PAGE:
Bi some cases (e.g., most residential applications), fixtures (e.g., "cans") are required to be substantially airtight around the sides and top to prevent the loss of ambient heat or cooling from the room into the ceiling cavity through the fixture. As the lamp is mounted in the can, much of the heat generated by the light source is trapped within the can, because the air heated in the can rises and is trapped within the can. Insulation is usually required around the can within the ceiling cavity to further reduce heat loss or cooling loss from the room into the ceiling cavity.

General illumination devices are typically rated in terms of their color reproduction. Color reproduction is typically measured using the Color Rendering Index (CRI Ra). CRI Ra is a modified average of the relative measurements of how the color rendition of an illumination system compares to that of a reference radiator when illuminating eight reference colors, i.e., it is a relative measure of the shift in surface color of an object when lit by a particular lamp. The CRI Ra equals 100 if the color coordinates of a set of test colors being illuminated by the illumination system are the same as the coordinates of the same test colors being irradiated by the reference radiator.

Daylight has a high CRI (Ra of approximately 100), with incandescent bulbs also being relatively close (Ra greater than 95), and fluorescent lighting being less accurate (typical Ra of 70-80). Certain types of specialized lighting have very low CRI (e.g., mercury vapor or sodium lamps have Ra as low as about 40 or even lower). Sodium lights are used, e.g., to light highways - driver response time, however, significantly decreases with lower CRI Ra values (for any given brightness, legibility decreases with lower CRI Ra).

Because light that is perceived as white is necessarily a blend of light of two or more colors (or wavelengths), no single light emitting diode junction has been developed that can produce white light.

"White" solid state light emitting lamps have been produced by providing devices that mix different colors of light, e.g., by using light emitting diodes that emit light of differing respective colors and/or by converting some or all of the light emitted from the light emitting diodes using luminescent material. For example, as is well known, some lamps (referred to as "RGB lamps") use red, green and blue light emitting diodes, and other lamps use (1) one or more light emitting diodes that generate blue light and (2) luminescent material (e.g., one or more phosphor materials) that emits yellow light in response to excitation by light emitted by the light emitting diode, whereby the blue light and the yellow light, when mixed, produce light that is perceived as white light. While there is a need for more efficient white lighting, there is in general a need for more efficient lighting in all hues. Brief Summary of the Inventive Subject Matter In accordance with one aspect of the present inventive subject matter, there is provided a lighting device that comprises at least a first light source and at least a first heat dissipation element, at least a first region of the first heat dissipation element comprising at least one material selected from among (1) sintered silicon carbide, (2) a sintered mixture of silicon carbide and at least one other ceramic material, (3) a sintered mixture of silicon carbide and at least one metal other than aluminum and (4) a sintered mixture of silicon carbide plus at least one other ceramic material and at least one metal other than aluminum.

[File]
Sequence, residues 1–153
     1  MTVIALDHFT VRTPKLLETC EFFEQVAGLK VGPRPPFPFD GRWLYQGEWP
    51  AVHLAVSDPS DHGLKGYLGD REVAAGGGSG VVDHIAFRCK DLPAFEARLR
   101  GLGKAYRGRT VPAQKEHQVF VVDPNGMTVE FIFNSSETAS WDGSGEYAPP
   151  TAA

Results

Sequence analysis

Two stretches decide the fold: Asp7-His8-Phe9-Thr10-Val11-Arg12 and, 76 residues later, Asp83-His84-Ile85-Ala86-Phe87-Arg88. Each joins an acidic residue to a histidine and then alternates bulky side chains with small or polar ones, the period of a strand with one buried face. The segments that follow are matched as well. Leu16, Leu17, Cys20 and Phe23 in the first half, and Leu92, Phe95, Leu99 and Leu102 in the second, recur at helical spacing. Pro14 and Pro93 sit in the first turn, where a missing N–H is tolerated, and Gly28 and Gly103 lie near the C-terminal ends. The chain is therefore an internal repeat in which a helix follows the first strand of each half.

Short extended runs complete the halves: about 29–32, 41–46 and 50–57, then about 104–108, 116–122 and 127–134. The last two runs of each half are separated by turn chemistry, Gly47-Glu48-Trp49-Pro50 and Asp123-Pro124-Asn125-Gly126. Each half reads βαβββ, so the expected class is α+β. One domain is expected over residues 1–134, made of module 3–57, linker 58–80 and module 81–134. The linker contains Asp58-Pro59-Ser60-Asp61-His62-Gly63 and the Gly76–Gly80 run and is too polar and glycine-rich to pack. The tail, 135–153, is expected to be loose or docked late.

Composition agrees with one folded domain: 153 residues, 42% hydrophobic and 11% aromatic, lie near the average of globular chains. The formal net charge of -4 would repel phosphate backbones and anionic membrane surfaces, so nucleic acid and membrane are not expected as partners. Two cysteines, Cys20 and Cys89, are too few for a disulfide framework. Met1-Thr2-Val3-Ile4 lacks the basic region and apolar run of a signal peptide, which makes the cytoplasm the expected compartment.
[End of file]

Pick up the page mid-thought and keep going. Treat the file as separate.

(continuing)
Sintered silicon carbide (or any of the sintered mixtures that contain silicon carbide, as mentioned above) can be fabricated and machined into a desired shape. Such sintered materials can provide excellent structural support for a lighting device, as well as excellent thermal conductivity.

The use of sintered silicon carbide (or any of the sintered mixtures that contain silicon carbide, as mentioned above) is particularly well suited for lighting devices that comprise one or more solid state light emitters, as such light emitters typically benefit from the use of structural parts that also conduct heat effectively (i.e., that have high thermal conductivity) in order to dissipate heat from the solid state light emitters (e.g., light emitting diodes) so as to maintain junction temperatures within acceptable ranges. Such properties are especially valuable with respect to devices in which the surface area from which heat can be dissipated is limited. In addition, by providing lighting devices in which at least a portion of a heat dissipation element comprises transparent or substantially transparent sintered SiC (or other sintered mixtures that contain silicon carbide, as described herein), if the heat dissipation element is in the path of at least some of the light emitted by the one or more light source, the heat dissipation element can allow for more light to exit the lighting device (i.e., less light is absorbed or reflected by the heat dissipation element) than would otherwise be the case if the entirety of the heat dissipation element were opaque, while the heat dissipation element is still capable of conducting a desired amount of heat away from the light source(s).

In the case of light sources that comprise one or more solid state light emitters, sintered silicon carbide (and the sintered mixtures that contain silicon carbide, as mentioned above) can have a thermal expansion coefficient that is closely matched to that of silicon carbide-based semiconductor devices. Accordingly, in such light sources, the rate of incidence of failures that might otherwise result from differing rates of thermal expansion can be reduced or avoided.